Oklahoma's criminal appeals court has denied a motion by death row prisoner Richard Glossip for a new evidentiary hearing to consider the possibility that he's innocent of murder and shouldn't be executed.
Glossip has been on death row for most of the past 24 years, having been convicted in 1998 for orchestrating the murder of Oklahoma City hotel owner Barry Van Treese. Glossip was never accused of directly killing Van Treese. He was convicted of convincing Justin Sneed (who was 19 at the time), the maintenance man of the hotel where Glossip was the manager, to do the deed, with Glossip saying they would split Van Treese's money.
Glossip has maintained his innocence. Sneed's testimony has served as the primary evidence against Glossip. Sneed himself was sentenced to life in prison, and Glossip's lawyers have argued that detectives investigating the case essentially fed Sneed the story to blame Glossip to deflect full responsibility.
Though Glossip was first convicted in 1998, the Oklahoma Court of Criminal Appeals tossed out his conviction due to the poor evidence and he was retried. He was nevertheless convicted again in 2004.
The lack of much evidence outside of Sneed's testimony has lent a lot of credibility to claims of Glossip's innocence, and in the past year, a pack of bipartisan lawmakers (several of whom support the death penalty) have been calling for another review of the evidence. Bolstering Glossip's claims was a report from law firm Reed Smith detailing many problems with the case. In August they unearthed what appears to be a 2007 letter from Sneed to Gina K. Walker, who was his public defender, suggesting that he was rethinking his testimony, calling it a "mistake," and asking to meet with her.
Subsequently, Gov. Kevin Stitt ordered a two-month stay of Glossip's execution, which had been scheduled for Sept. 22, for his innocence to be considered. On Nov. 3, Stitt granted a second two-month stay as the legal proceedings continued. He is now scheduled for execution on Feb. 16, 2023.
But today's ruling puts a damper on those efforts and also serves to show how heavily the deck is stacked against defendants once they've been sentenced to death. Glossip's motion makes several claims of procedural and due process issues, none of which the court will consider, Judge David Lewis explains, because Oklahoma's Post-Conviction Procedure Act puts strict time limits on when these claims can be made.
The court can still consider claims of factual innocence, and Glossip did claim as such in this motion. Unfortunately the Criminal Court of Appeals did not find that Glossip had provided enough proof of his own innocence to call for a new hearing. Now that Glossip has been convicted by a jury, the onus fall on him to provide evidence that he's innocent. Oklahoma law requires that Glossip show by "clear and convincing evidence" (a legal standard showing a "high probability" that the claim is true) that he's innocent. David notes in the denial that "[The court's judges] weigh any evidence presented against the evidence as a whole, in a light most favorable to the State, to determine if Glossip has met his burden."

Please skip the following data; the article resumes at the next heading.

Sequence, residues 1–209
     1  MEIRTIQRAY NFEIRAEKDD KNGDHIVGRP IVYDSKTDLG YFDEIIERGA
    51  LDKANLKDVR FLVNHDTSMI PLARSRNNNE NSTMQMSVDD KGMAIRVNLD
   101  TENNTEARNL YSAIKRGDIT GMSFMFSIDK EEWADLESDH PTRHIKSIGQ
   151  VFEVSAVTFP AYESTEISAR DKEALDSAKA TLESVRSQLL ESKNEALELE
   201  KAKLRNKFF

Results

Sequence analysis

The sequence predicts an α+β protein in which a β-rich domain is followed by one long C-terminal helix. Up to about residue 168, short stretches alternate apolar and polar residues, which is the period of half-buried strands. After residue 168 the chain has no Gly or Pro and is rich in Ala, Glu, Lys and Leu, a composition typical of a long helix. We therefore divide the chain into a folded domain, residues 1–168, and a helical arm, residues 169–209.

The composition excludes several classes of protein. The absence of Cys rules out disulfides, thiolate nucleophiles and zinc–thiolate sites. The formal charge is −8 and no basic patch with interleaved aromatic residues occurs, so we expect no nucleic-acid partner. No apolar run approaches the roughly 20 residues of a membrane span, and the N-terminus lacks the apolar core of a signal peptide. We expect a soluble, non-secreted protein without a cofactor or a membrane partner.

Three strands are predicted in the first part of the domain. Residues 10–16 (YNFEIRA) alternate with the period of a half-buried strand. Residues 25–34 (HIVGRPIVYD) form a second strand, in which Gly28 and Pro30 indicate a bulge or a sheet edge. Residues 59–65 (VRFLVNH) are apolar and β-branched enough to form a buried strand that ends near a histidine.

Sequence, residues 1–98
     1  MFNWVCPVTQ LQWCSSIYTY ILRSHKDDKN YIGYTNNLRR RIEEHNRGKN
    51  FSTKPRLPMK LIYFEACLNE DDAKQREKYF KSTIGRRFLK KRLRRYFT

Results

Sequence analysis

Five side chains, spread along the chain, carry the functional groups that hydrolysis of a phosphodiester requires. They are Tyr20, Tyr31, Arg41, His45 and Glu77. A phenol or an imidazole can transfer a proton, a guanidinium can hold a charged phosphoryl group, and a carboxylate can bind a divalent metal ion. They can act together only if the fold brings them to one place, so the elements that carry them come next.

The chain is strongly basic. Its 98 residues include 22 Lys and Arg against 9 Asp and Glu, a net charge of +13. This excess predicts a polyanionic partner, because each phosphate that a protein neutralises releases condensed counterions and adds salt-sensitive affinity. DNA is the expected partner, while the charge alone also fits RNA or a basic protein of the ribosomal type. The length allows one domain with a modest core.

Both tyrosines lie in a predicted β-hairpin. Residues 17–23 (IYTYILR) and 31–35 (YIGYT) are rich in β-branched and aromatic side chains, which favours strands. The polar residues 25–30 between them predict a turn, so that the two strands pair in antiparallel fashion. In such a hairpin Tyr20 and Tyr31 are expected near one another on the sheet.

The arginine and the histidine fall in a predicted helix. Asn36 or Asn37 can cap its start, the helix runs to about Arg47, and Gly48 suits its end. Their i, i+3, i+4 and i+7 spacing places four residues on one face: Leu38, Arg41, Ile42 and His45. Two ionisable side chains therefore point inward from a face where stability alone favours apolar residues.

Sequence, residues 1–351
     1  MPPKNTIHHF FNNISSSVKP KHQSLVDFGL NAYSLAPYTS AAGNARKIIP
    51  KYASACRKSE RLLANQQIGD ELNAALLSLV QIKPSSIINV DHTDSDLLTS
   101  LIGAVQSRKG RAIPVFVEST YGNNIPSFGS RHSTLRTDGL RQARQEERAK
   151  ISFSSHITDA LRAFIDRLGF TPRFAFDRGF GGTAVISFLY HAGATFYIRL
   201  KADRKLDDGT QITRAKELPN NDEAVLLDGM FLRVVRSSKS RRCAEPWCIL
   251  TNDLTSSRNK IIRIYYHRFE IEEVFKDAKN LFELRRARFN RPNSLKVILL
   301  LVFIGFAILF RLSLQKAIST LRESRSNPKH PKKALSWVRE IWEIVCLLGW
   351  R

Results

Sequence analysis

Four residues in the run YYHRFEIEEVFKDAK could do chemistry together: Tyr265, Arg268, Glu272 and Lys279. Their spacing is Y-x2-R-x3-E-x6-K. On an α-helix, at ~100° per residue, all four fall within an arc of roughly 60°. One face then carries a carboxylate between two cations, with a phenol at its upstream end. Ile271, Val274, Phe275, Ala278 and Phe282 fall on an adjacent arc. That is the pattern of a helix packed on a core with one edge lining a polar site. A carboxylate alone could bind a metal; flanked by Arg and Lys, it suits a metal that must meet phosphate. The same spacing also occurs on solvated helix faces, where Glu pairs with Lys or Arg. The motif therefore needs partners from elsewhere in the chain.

The judges note the various jailhouse informants who have provided affidavits claiming to have heard Sneed admit killing Van Treese in order to rob him while never mentioning Glossip and evidence that Sneed was a drug user with a "violent personality." But none of that clears Glossip. Davis writes, "Contrary to Glossip's assertion, there is no evidence that Sneed has ever sought to recant his testimony in any meaningful way. Further, none of the other witnesses against Glossip have changed their story."
In other words, the judges don't see a difference between the evidence used to convict Glossip in the first place and the evidence they're looking at now. But because Glossip has already been convicted, even if the evidence seems very thin now, the judges need Glossip to prove more than that it's highly likely that Sneed is lying. And mind you, all these hurdles are just to open a new evidentiary hearing, not to throw out the conviction.
"This is a very difficult decision to understand," said Don Knight, Glossip's attorney, in a written statement. "The evidence of Rich's innocence, and the State's misconduct, is overwhelming and deserving of, at the very minimum, a fair hearing where we can present our evidence. This is all we have ever asked for and is something that, obviously, the State is desperate to see never happen."
Glossip has a second petition for relief submitted to the same court, alleging prosecutorial misconduct and again mentioning Sneed's past interest in possibly recanting. Glossip has had his execution delayed six times now. But the clock is ticking again. In June, Oklahoma's attorney general asked the state to start scheduling executions of 25 inmates, Glossip just one among them. The state has executed four prisoners this year and has two more scheduled before the end of 2022.